Washington, D.C. — The U.S. Census Bureau and the U.S. Department of Housing and Urban Development jointly announced the following new residential construction statistics for January 2017:
Building Permits — Privately-owned housing units authorized by building permits in January were at a seasonally adjusted annual rate of 1,285,000. This is 4.6 percent (±2.0 percent) above the revised December rate of 1,228,000 and is 8.2 percent (±1.6 percent) above the January 2016 rate of 1,188,000. Single-family authorizations in January were at a rate of 808,000; this is 2.7 percent (±1.9 percent) below the revised December figure of 830,000. Authorizations of units in buildings with five units or more were at a rate of 446,000 in January.
Housing Starts — Privately-owned housing starts in January were at a seasonally adjusted annual rate of 1,246,000. This is 2.6 percent (±11.0 percent) below the revised December estimate of 1,279,000, but is 10.5 percent (±15.3 percent) above the January 2016 rate of 1,128,000. Single-family housing starts in January were at a rate of 823,000; this is 1.9 percent (±10.8 percent) above the revised December figure of 808,000. The January rate for units in buildings with five units or more was 421,000.
Housing Completions — Privately-owned housing completions in January were at a seasonally adjusted annual rate of 1,047,000. This is 5.6 percent (±8.0 percent) below the revised December estimate of 1,109,000 and is 0.9 percent (±15.0 percent) below the January 2016 rate of 1,056,000. Single-family housing completions in January were at a rate of 800,000; this is 4.3 percent (±7.5 percent) above the revised December rate of 767,000. The January rate for units in buildings with five units or more was 244,000.
“Overall, we think these numbers represent a continued sign of strength and optimism in the housing sector, particularly for single-family homes,” said PwC’s U.S. Engineering & Construction Advisory Leader, Marc Waco. “As we begin the spring selling season, we have yet to see any material housing policy impacts from the Trump administration; however, builders remain hopeful that President Trump’s pro-business approach could translate to a reduction in regulations on home builders, and an easing of credit requirements for home buyers. Without any action, we expect affordability concerns to increase as the combination of a rising interest rate environment along with a continued gap in supply and demand of new entry level housing forces some potential buyers to remain on the sideline. We are also watching how the immigration policy plays out, as it could impact an already tight labor supply for builders.”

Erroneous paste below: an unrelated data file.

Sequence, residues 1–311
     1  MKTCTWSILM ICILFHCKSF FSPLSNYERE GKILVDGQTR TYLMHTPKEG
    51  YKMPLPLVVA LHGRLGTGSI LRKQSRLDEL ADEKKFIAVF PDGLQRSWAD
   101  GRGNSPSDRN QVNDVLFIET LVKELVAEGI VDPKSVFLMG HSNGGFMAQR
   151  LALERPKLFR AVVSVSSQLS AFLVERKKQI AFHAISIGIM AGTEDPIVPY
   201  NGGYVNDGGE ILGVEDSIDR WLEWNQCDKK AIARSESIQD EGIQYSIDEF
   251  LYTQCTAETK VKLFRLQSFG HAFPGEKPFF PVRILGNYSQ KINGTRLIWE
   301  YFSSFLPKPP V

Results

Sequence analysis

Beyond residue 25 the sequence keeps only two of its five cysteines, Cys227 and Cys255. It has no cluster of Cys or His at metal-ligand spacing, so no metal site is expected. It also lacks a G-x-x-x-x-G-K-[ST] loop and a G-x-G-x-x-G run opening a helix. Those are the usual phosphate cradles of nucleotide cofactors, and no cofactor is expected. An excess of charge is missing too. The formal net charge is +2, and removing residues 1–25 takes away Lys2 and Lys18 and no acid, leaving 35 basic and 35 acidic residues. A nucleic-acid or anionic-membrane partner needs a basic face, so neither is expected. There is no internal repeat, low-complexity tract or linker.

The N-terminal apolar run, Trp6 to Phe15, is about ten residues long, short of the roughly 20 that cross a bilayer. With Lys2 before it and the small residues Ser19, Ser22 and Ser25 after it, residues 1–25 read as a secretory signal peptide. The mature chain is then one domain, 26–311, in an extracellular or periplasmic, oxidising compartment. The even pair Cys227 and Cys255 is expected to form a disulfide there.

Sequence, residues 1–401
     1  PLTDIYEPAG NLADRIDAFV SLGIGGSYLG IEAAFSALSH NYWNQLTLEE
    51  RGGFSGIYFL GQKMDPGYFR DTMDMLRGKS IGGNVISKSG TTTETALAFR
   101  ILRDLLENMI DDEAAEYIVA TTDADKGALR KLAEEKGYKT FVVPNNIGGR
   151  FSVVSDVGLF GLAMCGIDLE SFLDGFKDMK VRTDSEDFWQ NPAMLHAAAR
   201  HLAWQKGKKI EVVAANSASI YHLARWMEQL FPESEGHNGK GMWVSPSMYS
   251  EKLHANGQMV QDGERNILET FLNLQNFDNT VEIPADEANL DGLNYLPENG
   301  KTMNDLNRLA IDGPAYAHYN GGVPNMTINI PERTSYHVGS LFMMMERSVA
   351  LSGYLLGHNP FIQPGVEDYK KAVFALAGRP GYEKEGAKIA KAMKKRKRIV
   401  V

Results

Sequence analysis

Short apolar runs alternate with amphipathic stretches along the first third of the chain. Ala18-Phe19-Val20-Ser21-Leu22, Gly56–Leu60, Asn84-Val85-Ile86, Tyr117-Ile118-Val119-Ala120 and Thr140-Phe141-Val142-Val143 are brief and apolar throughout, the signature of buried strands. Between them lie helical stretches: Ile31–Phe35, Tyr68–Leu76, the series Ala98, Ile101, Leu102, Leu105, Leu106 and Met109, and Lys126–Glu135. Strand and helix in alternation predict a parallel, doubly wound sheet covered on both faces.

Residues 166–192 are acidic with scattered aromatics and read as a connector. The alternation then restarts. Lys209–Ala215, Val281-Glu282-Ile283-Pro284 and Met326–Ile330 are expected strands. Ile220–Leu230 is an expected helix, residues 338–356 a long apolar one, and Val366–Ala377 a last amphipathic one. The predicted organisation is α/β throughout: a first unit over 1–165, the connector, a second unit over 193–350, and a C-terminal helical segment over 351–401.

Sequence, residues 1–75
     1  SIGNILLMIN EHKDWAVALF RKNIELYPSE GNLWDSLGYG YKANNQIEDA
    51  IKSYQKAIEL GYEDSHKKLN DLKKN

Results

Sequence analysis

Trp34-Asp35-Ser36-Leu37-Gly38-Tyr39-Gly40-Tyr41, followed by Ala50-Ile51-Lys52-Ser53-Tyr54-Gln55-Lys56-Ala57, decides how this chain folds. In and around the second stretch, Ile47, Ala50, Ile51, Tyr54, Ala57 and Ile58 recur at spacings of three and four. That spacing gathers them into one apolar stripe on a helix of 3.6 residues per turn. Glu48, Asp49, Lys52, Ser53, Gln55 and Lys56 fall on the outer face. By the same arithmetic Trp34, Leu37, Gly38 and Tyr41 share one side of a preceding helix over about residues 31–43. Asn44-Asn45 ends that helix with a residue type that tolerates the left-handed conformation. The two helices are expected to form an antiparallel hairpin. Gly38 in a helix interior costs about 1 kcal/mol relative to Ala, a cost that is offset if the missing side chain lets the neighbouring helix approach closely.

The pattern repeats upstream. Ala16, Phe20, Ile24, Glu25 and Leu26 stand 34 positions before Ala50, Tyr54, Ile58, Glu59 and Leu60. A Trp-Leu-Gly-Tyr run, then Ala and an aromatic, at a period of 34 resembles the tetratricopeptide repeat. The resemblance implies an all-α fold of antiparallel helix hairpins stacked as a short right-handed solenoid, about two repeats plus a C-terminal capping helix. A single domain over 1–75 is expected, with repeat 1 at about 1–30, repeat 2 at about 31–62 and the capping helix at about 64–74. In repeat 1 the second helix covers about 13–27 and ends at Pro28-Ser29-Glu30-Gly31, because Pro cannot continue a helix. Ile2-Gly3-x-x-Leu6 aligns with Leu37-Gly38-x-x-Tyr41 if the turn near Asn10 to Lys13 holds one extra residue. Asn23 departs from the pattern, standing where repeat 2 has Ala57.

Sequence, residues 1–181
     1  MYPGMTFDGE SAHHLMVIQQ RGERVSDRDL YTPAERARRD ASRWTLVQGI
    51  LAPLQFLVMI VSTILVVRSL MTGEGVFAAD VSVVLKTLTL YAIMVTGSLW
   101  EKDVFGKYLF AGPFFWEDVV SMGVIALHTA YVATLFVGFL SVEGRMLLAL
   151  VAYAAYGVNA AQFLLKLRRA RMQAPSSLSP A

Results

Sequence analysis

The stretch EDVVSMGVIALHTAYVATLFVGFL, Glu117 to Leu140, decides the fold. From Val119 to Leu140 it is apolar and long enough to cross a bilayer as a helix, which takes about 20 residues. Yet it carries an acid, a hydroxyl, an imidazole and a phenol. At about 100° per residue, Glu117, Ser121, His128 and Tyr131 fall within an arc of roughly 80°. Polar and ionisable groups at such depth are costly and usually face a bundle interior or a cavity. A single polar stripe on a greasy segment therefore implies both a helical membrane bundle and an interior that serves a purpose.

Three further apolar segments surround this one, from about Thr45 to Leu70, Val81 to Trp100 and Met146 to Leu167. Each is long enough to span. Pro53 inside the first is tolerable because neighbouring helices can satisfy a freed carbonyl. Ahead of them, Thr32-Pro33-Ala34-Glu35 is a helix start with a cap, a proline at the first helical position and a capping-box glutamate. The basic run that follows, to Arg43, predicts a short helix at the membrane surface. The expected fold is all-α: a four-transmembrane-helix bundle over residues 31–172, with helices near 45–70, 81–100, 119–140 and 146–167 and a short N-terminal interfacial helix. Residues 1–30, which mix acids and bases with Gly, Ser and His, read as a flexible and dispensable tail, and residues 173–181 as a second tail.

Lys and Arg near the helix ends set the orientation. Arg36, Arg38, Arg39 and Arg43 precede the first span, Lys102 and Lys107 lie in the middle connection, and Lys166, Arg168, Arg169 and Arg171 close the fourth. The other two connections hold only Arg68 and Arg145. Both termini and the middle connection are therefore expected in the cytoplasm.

Housing Market Index
Builder confidence in the market for newly built single-family homes declined two points in February to a level of 65 on the National Association of Home Builders/Wells Fargo Housing Market Index (HMI).
“While builders remain optimistic, we are seeing the numbers settling back into a normal range,” said NAHB Chairman Granger MacDonald, a home builder and developer from Kerrville, Texas. “Regulatory burdens remain a major challenge to our industry, and NAHB looks forward to working with the new Congress and administration to help alleviate some of the pressures that are holding small businesses back and making homes less affordable.”
“With much of the decline this month resulting from a decrease in buyer traffic, builders continue to struggle to minimize costs while dealing with supply side challenges such as a lack of developed lots and labor shortages,” said NAHB Chief Economist Robert Dietz. “Despite these constraints, the overall housing market fundamentals remain strong and we expect to see continued growth this year as some of these concerns are addressed.”
Derived from a monthly survey that NAHB has been conducting for 30 years, the NAHB/Wells Fargo Housing Market Index gauges builder perceptions of current single-family home sales and sales expectations for the next six months as “good,” “fair” or “poor.” The survey also asks builders to rate traffic of prospective buyers as “high to very high,” “average” or “low to very low.” Scores for each component are then used to calculate a seasonally adjusted index where any number over 50 indicates that more builders view conditions as good than poor.
All three HMI components fell in February. The component gauging current sales conditions dipped one point to 71, and the index charting sales expectations in the next six months registered a three-point decline to 73. The component measuring buyer traffic dropped five points to 46.
Looking at the three-month moving averages for regional HMI scores, the Northeast fell two points to 50 and the Midwest rose one point to 65. The South dipped one point to 67 and the West held steady at 79 for the third month in a row.